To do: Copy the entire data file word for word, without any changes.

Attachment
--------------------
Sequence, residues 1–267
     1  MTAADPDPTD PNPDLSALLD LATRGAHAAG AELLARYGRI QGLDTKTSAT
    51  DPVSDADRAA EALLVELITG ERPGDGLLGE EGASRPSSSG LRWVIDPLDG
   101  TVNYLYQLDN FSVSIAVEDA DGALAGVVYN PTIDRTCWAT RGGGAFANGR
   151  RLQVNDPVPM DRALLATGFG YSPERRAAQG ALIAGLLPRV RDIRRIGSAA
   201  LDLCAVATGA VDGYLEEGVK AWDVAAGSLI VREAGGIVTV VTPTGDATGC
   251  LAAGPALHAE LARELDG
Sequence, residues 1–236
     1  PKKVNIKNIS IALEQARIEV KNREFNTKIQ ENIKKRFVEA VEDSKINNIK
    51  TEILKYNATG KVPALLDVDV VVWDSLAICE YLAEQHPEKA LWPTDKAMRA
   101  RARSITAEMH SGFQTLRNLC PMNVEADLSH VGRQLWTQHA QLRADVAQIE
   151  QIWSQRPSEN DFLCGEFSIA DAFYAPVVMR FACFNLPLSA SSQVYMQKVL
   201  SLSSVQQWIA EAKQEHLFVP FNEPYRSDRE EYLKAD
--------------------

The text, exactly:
Sequence, residues 1–267
     1  MTAADPDPTD PNPDLSALLD LATRGAHAAG AELLARYGRI QGLDTKTSAT
    51  DPVSDADRAA EALLVELITG ERPGDGLLGE EGASRPSSSG LRWVIDPLDG
   101  TVNYLYQLDN FSVSIAVEDA DGALAGVVYN PTIDRTCWAT RGGGAFANGR
   151  RLQVNDPVPM DRALLATGFG YSPERRAAQG ALIAGLLPRV RDIRRIGSAA
   201  LDLCAVATGA VDGYLEEGVK AWDVAAGSLI VREAGGIVTV VTPTGDATGC
   251  LAAGPALHAE LARELDG
Sequence, residues 1–236
     1  PKKVNIKNIS IALEQARIEV KNREFNTKIQ ENIKKRFVEA VEDSKINNIK
    51  TEILKYNATG KVPALLDVDV VVWDSLAICE YLAEQHPEKA LWPTDKAMRA
   101  RARSITAEMH SGFQTLRNLC PMNVEADLSH VGRQLWTQHA QLRADVAQIE
   151  QIWSQRPSEN DFLCGEFSIA DAFYAPVVMR FACFNLPLSA SSQVYMQKVL
   201  SLSSVQQWIA EAKQEHLFVP FNEPYRSDRE EYLKAD